"Earthquake Weather" plants Kristian solidly in the 60's influenced Costello style pop/rock field, with unembarrassed psychedelic flourishes and orchestrations, and a dose of unadulterated glam. On it are guest appearances from Ann Magnuson, Lance Loud, Jonathan Lea (the Jigsaw Seen), William Cooper (Mazzy Star, Rain Parade, Opal), Ethan James (Blue Cheer), and a very special ultra rare guest appearance by the Cramps own Ivy Rorschach, playing a swingingly blistering solo on the rockabilly tinged "That's Our Secret". Production and added pop sheen is handled by famous indie producer and former Spark Earle Mankey, who also contributes a good deal of Ronson style guitar. It definitely upped the ante from the already highly regarded "I Don't Love My Guru Anymore" as you can see from the review excerpts included below.

For more news, reviews, pictures, updates, rare MP3s, website-only releases, and special offers, go to "the Official Kristian Hoffman Website" at

Some Earthquake Weather Reviews:

"On Earthquake Weather, Kristian Hoffman offers up 14 painstakingly crafted pop gems, overflowing with melodic richness and lyrical bite. Though Hoffman's work is most often noted for it's baroque/music hall bent - think the Left Banke, the Kinks, pre-disco Bee Gees - stylistically this record is all over the map, with bubblegum/glam swagger, epic bombast, and edgy rockabilly as well. Arch, yet compassionate, with well turned couplets and phrases reminiscent of Ray Davies and Elvis Costello, Hoffman puts forth his weighty refelections with panache and hook-driven joy, fearlessly plundering and reinventing all that is good in melodic rock music. Earthquake Weather shimmers with the brilliance of a pop virtuoso in top form." - BAM
"Witty pop tunes with intense attention to detail in these very arranged songs, and a timeless Danny Hutton/Knickerbockers/mid 60's sound. Canny chords, harmonies, and instrumental embellishments (glockenspiel rock) give the best you can ask of pop music. Earthquake Weather is a dense pop masterwork that marries the prolix wordplay of mid-period Elvis Costello to the bug-eyed baroqueisms of post-Move Roy Wood!" " - L.A.Weekly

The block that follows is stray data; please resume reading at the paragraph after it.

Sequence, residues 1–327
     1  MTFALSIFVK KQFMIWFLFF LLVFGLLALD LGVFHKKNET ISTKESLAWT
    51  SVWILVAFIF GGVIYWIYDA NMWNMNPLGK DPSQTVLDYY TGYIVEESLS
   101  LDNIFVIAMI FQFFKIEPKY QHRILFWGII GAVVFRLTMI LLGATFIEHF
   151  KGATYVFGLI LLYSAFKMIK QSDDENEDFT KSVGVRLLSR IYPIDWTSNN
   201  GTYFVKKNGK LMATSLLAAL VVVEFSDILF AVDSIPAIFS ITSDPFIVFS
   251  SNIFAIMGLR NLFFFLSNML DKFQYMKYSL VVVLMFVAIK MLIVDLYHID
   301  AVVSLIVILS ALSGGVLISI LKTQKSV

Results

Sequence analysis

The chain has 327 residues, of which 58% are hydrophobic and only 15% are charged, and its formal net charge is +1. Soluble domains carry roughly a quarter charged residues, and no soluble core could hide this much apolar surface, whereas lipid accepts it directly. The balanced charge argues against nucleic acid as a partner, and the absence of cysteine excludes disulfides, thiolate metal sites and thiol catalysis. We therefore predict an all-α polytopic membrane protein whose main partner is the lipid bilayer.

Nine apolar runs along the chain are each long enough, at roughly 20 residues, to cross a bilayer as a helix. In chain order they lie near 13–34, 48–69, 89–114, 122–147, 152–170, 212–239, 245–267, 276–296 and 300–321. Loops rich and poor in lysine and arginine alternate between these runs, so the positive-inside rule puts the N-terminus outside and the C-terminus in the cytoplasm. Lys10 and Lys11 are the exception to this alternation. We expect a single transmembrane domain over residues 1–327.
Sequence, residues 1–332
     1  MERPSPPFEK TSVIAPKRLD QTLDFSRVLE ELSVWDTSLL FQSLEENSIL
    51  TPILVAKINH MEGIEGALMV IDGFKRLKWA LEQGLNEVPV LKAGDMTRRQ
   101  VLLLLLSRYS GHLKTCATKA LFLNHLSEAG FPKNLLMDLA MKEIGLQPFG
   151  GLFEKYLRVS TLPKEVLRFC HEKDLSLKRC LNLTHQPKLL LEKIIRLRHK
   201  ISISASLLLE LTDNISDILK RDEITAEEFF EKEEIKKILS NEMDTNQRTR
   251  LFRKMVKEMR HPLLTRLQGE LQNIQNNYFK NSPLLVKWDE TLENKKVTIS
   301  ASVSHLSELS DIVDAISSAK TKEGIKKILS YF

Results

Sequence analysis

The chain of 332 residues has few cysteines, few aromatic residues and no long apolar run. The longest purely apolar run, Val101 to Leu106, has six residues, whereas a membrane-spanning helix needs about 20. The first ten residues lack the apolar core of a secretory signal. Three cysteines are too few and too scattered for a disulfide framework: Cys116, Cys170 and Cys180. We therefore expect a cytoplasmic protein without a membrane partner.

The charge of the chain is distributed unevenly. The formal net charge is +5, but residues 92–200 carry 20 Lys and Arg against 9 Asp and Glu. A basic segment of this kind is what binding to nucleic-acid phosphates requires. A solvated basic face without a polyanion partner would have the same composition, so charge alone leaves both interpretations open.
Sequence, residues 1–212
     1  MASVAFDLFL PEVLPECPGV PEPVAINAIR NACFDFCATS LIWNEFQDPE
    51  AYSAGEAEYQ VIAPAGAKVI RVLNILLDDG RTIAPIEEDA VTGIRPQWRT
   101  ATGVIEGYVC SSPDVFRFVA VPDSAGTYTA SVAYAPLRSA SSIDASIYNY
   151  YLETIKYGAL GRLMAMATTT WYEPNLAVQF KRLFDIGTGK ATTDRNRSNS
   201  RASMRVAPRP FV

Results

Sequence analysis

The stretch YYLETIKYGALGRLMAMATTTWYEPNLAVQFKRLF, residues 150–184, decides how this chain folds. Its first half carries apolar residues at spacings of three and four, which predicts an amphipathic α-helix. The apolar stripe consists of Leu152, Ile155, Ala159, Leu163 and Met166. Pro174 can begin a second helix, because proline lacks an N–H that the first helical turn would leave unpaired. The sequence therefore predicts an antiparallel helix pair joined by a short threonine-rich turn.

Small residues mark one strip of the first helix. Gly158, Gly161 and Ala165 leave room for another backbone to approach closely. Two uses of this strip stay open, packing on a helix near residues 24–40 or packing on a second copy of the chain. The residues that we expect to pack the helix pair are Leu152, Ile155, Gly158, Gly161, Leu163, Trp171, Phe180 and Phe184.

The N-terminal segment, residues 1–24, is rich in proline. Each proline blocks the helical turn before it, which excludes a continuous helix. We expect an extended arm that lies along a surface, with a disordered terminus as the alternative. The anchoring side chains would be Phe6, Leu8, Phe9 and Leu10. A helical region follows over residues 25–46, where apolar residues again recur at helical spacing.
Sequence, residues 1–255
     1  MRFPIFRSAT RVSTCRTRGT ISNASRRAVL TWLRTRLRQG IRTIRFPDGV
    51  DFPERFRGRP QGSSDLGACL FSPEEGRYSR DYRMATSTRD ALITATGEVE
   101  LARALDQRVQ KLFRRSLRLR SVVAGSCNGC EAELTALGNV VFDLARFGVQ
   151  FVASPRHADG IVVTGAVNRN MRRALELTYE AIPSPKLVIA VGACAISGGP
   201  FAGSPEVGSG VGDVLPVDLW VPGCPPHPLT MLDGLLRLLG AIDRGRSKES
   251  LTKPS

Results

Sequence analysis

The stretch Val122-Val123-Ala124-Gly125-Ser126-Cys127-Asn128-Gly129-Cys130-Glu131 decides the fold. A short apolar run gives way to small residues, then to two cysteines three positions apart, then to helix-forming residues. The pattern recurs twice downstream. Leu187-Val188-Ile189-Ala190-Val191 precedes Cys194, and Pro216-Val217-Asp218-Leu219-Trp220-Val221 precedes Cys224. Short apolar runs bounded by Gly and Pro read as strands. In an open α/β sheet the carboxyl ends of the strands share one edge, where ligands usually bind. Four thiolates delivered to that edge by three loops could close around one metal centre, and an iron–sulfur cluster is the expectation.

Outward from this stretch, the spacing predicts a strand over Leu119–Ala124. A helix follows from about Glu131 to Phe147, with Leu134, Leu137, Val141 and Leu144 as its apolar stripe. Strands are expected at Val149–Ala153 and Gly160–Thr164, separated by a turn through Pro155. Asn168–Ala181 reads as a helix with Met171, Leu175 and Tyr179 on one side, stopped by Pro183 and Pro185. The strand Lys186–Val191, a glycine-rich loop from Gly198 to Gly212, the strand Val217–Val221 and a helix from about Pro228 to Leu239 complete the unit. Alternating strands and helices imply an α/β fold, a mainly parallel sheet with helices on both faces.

"One of the best albums of '97! Hoffman creates a dramatic universe of pop gestures!" - Amplifier
"Kristian Hoffman certainly has a lot to say. Insightful, no-holds-barred lyrics with brilliant rhyme schemes thoroughly fill up his stories of societal shortcomings, personal struggles, and religious mistrust, as they shuffle against the plates of his pure pop approach with such fervent force that "Earthquake Weather" is indeed an apt title for his second album. With their decorative garnishing, complicated arrangements, and sharp production edges, the songs are keyboard laden delights that will charm more than your pants off. Perfect. Diverse, playful, and consistent, this is what pop is all about." -Popsided
"An exciting pop masterpiece!" -Entertainment Today
" Kristian Hoffman is the only veteran of the original CBGBS/Max's scene whose current music seems to get more interesting. "Earthquake Weather" is a groaning pop smorgasbord, sprinkled with classic influences. With Spectorian bells, pungent string arrangements, operatic bombast, and Hoffman's lyrics - finely crafted little tales on their own- the former Mumps whiz reincarnates the swirling mushroom pop of "Ogdens Nut Gone Flake" era Small Faces. It only adds fuel to the lore of a true American original." - Magnet